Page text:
Next is the partial result block. And I must say I like it a lot. It says give me what you have so far and add to it result of getting views(of:).

This is dense. So lets see how it goes against original implementation:

// Some easy to do in playground tests:
    print("Test allAs have the same count:",
          assertEqual(
            allAs.count,
            viewHierarchy.views(of: A.self).count
        )
    )
// ...
// Console Output
// Test allAs have the same count: βœ…
// Test allBs have the same count: βœ…
// Test allLs have the same count: βœ…
// Test allVs have the same count: βœ…

Sweet! As far our tests go we have the same behaviour. But…

Can we do better?

Define better. There are more relationships like this in UIKit and who knows where else. Let’s take UIViewController for a spin. You can add a child view controller to it.

class AVC: UIViewController {}
class BVC: UIViewController {}
class CVC: UIViewController {}

Sorry for the short name of the View Controller classes. But it will be more readable when we do the same thing as with UIView-s.

let controllerHierarchy: BVC = {
    let controller = BVC()
    controller
        .addChild({
            let subController = UIViewController()
                subController
                    .addChild(AVC())
            return subController
            }())
    controller
        .addChild(CVC())
    controller
        .addChild({
            let subController = UIViewController()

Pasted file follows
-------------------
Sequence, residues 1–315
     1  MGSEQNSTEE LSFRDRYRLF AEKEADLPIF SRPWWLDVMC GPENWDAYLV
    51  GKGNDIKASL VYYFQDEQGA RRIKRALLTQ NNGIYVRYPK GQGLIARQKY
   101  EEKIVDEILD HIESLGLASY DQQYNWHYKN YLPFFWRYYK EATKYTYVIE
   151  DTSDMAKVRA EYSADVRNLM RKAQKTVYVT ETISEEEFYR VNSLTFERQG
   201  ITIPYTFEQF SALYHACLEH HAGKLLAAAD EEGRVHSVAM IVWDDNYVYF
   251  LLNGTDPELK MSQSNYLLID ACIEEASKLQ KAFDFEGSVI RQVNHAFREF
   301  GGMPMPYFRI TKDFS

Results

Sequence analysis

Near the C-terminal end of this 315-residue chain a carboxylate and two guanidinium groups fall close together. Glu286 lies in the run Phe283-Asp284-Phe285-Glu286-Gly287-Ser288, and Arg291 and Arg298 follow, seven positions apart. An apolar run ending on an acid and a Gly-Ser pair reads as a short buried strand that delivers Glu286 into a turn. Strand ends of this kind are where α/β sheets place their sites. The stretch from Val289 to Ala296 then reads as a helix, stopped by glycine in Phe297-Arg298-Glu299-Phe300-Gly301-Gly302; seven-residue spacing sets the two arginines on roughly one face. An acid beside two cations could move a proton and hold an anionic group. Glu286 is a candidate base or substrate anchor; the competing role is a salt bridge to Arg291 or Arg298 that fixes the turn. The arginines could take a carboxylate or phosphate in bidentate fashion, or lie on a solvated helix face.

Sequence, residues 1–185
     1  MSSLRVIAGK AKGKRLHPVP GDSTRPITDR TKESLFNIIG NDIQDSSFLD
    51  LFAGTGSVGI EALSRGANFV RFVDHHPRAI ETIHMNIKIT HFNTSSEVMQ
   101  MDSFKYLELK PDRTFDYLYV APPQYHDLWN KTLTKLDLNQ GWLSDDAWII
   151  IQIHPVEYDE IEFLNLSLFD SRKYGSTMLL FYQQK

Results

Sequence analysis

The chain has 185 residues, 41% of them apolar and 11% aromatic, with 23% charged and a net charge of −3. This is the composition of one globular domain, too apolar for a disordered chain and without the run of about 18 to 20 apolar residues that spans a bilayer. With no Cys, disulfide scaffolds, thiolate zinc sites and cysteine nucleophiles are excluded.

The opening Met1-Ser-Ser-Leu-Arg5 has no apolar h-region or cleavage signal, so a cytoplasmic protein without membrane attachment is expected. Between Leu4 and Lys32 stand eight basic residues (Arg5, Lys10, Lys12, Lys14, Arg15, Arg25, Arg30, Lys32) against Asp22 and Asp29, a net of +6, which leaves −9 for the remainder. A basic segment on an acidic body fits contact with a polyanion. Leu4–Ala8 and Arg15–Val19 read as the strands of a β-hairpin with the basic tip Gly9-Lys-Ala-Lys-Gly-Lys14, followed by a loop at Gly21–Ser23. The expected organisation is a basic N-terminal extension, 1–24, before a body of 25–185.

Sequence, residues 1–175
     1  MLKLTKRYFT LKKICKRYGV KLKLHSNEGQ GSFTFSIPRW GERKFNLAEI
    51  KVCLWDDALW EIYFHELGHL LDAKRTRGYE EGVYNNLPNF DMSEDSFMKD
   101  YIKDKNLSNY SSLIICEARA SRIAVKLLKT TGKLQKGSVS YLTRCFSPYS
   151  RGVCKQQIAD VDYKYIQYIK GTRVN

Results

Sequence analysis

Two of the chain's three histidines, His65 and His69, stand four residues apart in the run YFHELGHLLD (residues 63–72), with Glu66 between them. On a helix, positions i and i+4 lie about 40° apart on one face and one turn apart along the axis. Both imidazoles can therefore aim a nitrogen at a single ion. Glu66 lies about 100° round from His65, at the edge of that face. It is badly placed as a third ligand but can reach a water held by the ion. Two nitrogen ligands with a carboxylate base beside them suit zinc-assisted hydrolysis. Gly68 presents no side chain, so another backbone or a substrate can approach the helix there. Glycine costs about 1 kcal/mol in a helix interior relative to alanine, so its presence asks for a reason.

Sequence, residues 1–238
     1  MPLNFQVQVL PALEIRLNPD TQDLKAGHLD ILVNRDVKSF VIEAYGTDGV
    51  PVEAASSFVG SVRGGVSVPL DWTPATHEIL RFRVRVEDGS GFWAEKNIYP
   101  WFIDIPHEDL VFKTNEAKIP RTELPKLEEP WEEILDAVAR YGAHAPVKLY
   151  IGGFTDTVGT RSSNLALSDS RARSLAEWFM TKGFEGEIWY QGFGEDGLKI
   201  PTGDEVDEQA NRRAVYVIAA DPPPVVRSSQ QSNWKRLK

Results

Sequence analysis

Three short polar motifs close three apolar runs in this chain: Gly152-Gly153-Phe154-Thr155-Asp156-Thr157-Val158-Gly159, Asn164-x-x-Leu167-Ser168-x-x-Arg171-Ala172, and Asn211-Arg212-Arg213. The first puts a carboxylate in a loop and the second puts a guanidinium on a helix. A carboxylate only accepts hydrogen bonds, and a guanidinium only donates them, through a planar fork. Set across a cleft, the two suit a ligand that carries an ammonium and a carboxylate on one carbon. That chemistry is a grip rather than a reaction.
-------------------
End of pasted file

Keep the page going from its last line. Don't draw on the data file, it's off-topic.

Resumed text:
subController
                .addChild(CVC())   
            subController
                .addChild(AVC())   
            subController
                .addChild({
                    let subSubController = AVC()           
                    subSubController
                        .addChild(BVC())           
                    return subSubController
                }())   
            return subController
            }())
    return controller
}()

It’s the same code as for view hierarchy only name of the classes changed:

  • UIView -> UIViewController
  • A -> AVC
  • B -> BVC
  • UILabel -> CVC

If you want more visual representation than here you go:

 β”Œβ”€β”€β”€β”€β”€β”
 β”‚ BVC β”‚
 β””β”€β”€β”€β”€β”€β”˜
    β”‚   β”Œβ”€β”€β”€β”€β”€β”€β”€β”€β”€β”€β”€β”€β”€β”€β”€β”€β”€β”€β”
    β”œβ”€β”€β–Άβ”‚ UIViewController β”‚
    β”‚   β””β”€β”€β”€β”€β”€β”€β”€β”€β”€β”€β”€β”€β”€β”€β”€β”€β”€β”€β”˜
    β”‚             β”‚        β”Œβ”€β”€β”€β”€β”€β”
    β”‚             └───────▢│ AVC β”‚
    β”‚                      β””β”€β”€β”€β”€β”€β”˜
    β”‚   β”Œβ”€β”€β”€β”€β”€β”€β”€β”€β”€β”€β”€β”€β”€β”€β”€β”€β”€β”€β”
    β”œβ”€β”€β–Άβ”‚ UIViewController β”‚
    β”‚   β””β”€β”€β”€β”€β”€β”€β”€β”€β”€β”€β”€β”€β”€β”€β”€β”€β”€β”€β”˜
    β”‚             β”‚        β”Œβ”€β”€β”€β”€β”€β”
    β”‚             └───────▢│ CVC β”‚
    β”‚                      β””β”€β”€β”€β”€β”€β”˜
    β”‚   β”Œβ”€β”€β”€β”€β”€β”€β”€β”€β”€β”€β”€β”€β”€β”€β”€β”€β”€β”€β”
    └──▢│ UIViewController β”‚